Meta‐analyses and network meta‐analyses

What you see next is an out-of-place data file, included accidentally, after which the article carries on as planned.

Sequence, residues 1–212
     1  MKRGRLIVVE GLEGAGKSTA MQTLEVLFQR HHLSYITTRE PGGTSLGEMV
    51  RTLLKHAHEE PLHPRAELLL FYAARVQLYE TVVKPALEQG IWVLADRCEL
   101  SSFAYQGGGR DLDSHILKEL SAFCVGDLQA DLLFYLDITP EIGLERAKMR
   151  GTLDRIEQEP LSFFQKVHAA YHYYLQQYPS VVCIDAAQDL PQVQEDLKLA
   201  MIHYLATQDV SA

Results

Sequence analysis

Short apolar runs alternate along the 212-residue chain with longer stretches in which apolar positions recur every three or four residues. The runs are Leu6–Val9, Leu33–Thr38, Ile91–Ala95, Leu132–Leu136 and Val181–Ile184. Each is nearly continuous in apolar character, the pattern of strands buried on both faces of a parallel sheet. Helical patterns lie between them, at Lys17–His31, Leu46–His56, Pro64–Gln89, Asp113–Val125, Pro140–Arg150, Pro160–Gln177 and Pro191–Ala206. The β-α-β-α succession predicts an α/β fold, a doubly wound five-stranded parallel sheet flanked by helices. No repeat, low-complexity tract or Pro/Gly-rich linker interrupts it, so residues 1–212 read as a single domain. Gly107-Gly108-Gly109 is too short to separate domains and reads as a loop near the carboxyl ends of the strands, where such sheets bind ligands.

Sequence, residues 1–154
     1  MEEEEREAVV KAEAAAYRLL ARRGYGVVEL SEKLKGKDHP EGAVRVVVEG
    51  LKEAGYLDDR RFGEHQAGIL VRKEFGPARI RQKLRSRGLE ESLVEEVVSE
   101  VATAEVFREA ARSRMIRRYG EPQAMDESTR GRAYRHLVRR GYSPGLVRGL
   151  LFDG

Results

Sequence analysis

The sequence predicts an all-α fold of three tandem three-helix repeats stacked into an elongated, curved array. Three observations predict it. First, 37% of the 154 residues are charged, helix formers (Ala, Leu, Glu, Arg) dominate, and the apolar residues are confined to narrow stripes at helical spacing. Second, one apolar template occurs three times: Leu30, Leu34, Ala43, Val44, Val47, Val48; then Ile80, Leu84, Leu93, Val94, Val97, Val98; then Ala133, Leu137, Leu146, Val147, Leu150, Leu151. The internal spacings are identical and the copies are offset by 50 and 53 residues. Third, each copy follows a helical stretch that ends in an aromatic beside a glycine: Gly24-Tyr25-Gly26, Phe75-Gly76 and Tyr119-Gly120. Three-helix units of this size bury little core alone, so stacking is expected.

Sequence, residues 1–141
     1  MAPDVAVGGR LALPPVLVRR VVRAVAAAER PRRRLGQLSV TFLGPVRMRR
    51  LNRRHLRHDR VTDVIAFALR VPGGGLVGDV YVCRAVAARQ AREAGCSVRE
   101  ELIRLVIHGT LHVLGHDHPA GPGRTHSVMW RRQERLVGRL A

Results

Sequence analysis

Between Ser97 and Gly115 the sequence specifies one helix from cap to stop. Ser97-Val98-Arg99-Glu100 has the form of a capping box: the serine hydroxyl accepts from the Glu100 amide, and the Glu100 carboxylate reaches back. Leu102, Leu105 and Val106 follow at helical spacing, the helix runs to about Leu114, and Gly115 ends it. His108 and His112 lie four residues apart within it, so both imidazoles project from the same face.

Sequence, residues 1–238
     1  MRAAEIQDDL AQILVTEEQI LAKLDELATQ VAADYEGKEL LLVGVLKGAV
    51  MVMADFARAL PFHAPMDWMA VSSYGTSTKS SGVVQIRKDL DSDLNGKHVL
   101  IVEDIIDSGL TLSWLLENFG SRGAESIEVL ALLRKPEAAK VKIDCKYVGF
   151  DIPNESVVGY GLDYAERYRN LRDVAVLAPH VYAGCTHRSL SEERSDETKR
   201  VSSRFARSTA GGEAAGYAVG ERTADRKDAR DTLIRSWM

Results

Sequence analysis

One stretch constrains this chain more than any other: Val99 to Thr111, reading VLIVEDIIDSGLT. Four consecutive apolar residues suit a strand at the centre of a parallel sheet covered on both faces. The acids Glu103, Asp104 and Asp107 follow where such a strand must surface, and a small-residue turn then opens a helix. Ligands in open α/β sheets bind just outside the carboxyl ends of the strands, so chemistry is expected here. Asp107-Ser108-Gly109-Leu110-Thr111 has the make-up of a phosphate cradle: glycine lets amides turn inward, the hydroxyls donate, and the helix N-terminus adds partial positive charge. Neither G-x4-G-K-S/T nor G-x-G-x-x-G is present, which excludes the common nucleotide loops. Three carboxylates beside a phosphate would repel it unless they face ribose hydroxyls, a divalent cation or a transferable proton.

The special issue ends with four contributions on meta‐analyses. Hamaguchi et al. look at the frequentist performance of Bayesian prediction intervals for random‐effects meta‐analysis. The authors consider 11 noninformative prior distributions for the between‐study variance in their simulation study and in their analyses of eight published meta‐analyses. They conclude that the frequentist coverage is not well maintained with predictive intervals when there are fewer than 10 studies in the meta‐analysis. Verde suggests a new Bayesian hierarchical model, called the bias‐corrected meta‐analysis model, to combine different study types in meta‐analysis. The model is based on a mixture of two random effects distributions, where the first component corresponds to the model of interest and the second component to the hidden bias structure. His approach addresses the hurdle that, when combining disparate evidence in a meta‐analysis, one not only combines results of interest but also multiple biases. The novel model is illustrated on a meta‐analysis to assess effectiveness of vaccination to prevent invasive pneumococcal disease and on the effectiveness of stem cell treatment in heart disease patients. His results show that ignoring internal validity bias in a meta‐analysis may lead to misleading conclusions. Sofeu, Emura, and Rondeau propose a method for the meta‐analytic validation of failure‐time surrogate endpoints in clinical trials. The meta‐analytic approach for the evaluation of surrogate endpoints requires fitting of complex hierarchical models. These models are often fitted in two steps, which leads to estimation issues. When both the surrogate and true endpoints are failure times, the presence of censoring adds to the complexity of the problem. The authors suggest a one‐step method based on a joint frailty‐copula model to overcome the issues encountered with previous approaches. Their model includes two correlated random effects for treatment‐by‐trial interaction and a shared random effect associated with the baseline risks. At the individual level, the joint survivor functions of failure‐time endpoints are linked using copula functions. Estimation is based on a semiparametric penalized likelihood approach. Finally, the contribution of Rücker, Schmitz, and Schwarzer deals with network meta‐analysis. Such a meta‐analysis usually requires a connected network. In case of a disconnected network one may add evidence from nonrandomized comparisons, using propensity score or matching‐adjusted indirect comparisons methods. However, such nonrandomized comparisons may be associated with an unclear risk of bias. Rücker, Schmitz, and Schwarzer present a re‐analysis of a network meta‐analysis performed by Schmitz et al. on treatments for multiple myeloma. These authors used single‐arm observational studies for bridging the gap between two disconnected networks. Here, a component network meta‐analysis (CNMA) is proposed entirely based on RCTs. Such an approach makes use of the fact that many of the treatments consisted of common treatment components occurring in both networks. The authors argue that researchers encountering a disconnected network with treatments in different subnets having common components should consider a CNMA model.